Wow, the Venezuelan government has printed one million free copies of Don Quixote to celebrate the book’s 400th anniversary. That sure beats the “one book one city” thing we have in the states. Read about it at the BBC. (via bookglutton). Also, anyone who has endured the long wait for the Edith Grossman edition of Quixote to come out in paperback, take heart, it arrives on May 1. See also 400 Windmills.
Dan Wickett is putting together the first (that I know of) blog-hosted short story contest. Dan will collect the entries and pass on the finalists to guest judge Charles D’Ambrosio. The winner will be published on Dan’s blog and in the Spring 2007 issue of Frostproof Review. What are you waiting for? Send something in.
The Bookfinder.com journal rounds up some links about custom library designers, who do things like “custom-design a $70,000 insta-library for a Saudi Arabian sheik.” Would you like to buy “books by the foot?” (it’s a great way to furnish a room, if not the cheapest) We’ve looked at this phenomenon before, in March and again in August.
On the eve of the release of the final Harry Potter, I offer Millions readers a few brief intuitions – alas, grounded more in literary convention than in second sight – about the events to come in The Deathly Hallows.My chief intuition, based largely on the over-determined association of Dumbledore with the phoenix throughout the series, is that everyone’s favorite headmaster is not dead (X-Men, anyone?). Recall that Harry “thinks he sees” a phoenix emerge from the smoke of Dumbledore’s funeral pyre. Based on this intuition, I also maintain that Snape is not, in fact, a Death Eater, and that he and Dumbledore staged a fake murder with Harry as witness. This will allow Snape to become more deeply embedded in Voldemort’s ranks. Dumbledore’s wisdom would be too seriously undermined if Snape really and truly betrayed him. Regardless of the rightness or wrongness of this particular tea-leaf vision, more must emerge about how Snape gained Dumbledore’s trust. This will be one of the central revelations of the new book.Of lesser intuitions:R.A.B., the initials on the note found in the locket that was supposed to be a horcrux, belong to Sirius’ brother, Regulus Black, whom we have heard vaguely was a follower of Voldemort and then attempted to leave the ranks of the Death Eaters, only to be killed by them for his betrayal. This may mean that Slytherin’s locket is concealed somewhere in the Black family house that Sirius left to Harry.As to whether Hogwarts will remain open during this seventh year with Harry, I suspect that it will remain open in some capacity – if only as a larger and better fortified headquarters for the Order of the Phoenix and their allies.I hope that, in the less than illustrious cooking-sherry-drinking tradition of Professor Trelawney, I am wrong about all of these things. I think The Deathly Hallows would be a better book for it.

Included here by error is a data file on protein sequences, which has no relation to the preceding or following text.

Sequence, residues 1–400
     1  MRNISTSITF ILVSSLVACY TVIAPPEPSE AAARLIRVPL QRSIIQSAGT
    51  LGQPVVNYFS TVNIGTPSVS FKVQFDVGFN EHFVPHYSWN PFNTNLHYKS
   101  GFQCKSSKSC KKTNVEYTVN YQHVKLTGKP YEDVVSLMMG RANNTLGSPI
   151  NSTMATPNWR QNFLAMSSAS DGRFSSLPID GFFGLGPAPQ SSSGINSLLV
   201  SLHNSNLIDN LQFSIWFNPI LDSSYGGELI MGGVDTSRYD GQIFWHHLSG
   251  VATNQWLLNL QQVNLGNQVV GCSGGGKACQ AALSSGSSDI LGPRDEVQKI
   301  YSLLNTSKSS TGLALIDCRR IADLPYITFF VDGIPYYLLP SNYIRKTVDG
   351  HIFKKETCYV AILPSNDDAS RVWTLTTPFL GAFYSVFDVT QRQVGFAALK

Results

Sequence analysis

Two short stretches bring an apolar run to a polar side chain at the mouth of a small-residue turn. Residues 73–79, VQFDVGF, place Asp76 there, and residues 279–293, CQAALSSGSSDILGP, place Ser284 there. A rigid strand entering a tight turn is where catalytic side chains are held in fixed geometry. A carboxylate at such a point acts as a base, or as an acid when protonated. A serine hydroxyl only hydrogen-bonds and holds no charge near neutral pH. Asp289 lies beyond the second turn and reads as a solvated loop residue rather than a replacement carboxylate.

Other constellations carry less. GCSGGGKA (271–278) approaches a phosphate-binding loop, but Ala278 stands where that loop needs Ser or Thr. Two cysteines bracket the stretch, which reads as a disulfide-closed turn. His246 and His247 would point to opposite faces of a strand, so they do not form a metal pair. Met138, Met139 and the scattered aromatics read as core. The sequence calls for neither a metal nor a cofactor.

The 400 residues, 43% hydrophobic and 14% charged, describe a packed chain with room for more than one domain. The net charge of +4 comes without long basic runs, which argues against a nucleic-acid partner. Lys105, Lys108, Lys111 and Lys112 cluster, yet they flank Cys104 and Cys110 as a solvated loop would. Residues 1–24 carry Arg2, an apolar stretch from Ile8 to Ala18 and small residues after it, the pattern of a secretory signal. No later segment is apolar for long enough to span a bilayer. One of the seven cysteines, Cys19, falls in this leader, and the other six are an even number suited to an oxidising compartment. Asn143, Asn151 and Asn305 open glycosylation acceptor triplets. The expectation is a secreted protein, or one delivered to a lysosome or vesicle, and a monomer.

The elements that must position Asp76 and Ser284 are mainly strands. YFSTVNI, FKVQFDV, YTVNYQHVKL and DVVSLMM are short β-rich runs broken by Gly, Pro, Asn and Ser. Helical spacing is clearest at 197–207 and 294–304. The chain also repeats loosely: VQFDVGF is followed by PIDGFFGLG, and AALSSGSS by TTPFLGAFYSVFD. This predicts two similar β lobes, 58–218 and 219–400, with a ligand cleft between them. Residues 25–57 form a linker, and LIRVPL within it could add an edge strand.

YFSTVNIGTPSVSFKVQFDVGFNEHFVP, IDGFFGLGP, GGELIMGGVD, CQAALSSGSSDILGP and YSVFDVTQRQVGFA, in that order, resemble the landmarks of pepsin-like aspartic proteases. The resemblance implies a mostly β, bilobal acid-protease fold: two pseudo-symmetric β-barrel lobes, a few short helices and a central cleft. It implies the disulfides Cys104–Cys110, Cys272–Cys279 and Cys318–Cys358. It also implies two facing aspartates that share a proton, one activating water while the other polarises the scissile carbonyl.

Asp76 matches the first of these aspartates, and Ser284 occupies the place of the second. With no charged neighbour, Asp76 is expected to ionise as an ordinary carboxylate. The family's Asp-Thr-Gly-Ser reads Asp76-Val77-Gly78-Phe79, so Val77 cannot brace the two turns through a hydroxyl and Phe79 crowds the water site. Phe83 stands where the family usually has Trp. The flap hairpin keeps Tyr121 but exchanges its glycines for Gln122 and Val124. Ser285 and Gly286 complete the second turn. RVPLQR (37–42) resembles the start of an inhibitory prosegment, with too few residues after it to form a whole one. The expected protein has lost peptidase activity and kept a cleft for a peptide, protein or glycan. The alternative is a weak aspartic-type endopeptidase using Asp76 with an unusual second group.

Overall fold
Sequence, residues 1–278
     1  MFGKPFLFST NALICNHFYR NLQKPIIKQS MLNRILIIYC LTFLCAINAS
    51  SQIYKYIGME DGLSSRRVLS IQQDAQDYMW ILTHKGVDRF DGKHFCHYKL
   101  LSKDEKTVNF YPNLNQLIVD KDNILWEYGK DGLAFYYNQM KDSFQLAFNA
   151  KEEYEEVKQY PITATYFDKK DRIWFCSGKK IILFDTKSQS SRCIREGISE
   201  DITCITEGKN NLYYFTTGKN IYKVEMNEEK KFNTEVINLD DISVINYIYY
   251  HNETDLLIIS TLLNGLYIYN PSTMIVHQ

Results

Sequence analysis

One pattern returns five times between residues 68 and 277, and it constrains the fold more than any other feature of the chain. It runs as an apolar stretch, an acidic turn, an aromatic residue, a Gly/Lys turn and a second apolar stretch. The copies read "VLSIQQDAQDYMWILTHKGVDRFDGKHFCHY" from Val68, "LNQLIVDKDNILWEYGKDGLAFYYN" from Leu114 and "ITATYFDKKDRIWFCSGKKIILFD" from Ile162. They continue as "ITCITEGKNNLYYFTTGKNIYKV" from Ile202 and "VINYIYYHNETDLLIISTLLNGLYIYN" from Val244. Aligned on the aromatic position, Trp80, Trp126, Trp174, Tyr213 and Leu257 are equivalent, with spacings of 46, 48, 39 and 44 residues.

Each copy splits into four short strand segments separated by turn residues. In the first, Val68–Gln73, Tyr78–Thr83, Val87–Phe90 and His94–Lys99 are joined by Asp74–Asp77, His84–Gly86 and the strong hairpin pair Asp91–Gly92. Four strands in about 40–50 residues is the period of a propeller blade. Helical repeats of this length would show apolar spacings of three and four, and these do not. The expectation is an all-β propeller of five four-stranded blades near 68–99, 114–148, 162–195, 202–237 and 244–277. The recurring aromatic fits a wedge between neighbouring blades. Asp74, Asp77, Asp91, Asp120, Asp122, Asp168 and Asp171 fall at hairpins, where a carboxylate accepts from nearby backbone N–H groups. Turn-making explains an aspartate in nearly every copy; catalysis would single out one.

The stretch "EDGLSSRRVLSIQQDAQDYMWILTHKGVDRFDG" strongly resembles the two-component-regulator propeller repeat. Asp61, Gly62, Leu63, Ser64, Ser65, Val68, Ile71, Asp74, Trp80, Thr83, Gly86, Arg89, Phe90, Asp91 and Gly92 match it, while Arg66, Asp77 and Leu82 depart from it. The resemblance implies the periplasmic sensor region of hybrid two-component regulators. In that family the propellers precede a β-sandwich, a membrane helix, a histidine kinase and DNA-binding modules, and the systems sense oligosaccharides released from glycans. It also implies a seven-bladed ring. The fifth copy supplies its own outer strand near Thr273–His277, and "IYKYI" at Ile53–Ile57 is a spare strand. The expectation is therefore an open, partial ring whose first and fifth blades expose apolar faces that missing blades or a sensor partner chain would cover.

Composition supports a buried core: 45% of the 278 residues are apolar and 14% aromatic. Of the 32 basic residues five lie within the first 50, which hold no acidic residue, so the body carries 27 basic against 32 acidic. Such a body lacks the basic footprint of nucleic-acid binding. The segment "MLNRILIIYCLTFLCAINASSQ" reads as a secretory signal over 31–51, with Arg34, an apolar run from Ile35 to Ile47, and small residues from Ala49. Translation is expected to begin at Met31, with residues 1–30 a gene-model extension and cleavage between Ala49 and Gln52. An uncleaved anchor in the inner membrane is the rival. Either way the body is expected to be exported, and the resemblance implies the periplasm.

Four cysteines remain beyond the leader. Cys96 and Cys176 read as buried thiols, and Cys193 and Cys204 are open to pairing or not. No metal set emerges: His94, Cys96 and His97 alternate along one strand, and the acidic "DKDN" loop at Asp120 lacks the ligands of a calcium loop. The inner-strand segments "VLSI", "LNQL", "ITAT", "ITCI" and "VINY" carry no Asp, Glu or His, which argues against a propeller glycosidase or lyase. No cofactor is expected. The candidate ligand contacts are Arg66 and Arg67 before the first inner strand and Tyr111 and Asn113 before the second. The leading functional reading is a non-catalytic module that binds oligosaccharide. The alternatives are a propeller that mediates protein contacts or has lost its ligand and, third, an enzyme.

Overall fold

Filthy magazine is debuting at the Los Angeles Times Book Fair this weekend. And it will also be available at the lovely internet book store First Cut Books. The hippest online book store ever. The debut issue of this pitching quarterly includes a piece by yours truly about the seaon I spent as a ghost in Little League… Sounds intriguing, eh? Believe me, this is one good looking magazine; think McSweeney’s but all about Pedro Martinez, Randy Johnson, Barry Zito, and countless other fireballing luminaries. Also, yesterday George Plimpton was joined by Maile Meloy and Bernard Cooper at the book store to present the new Paris Review. Plimpton is fascinating, a throwback to a literary culture that has likely disappeared, both times I have seen him speak he has told stories about his sporting (and writing) youth that are as entertaining as they are valuable as artifacts of a different time. I should add that the new Paris Review book is a really fantastic collection.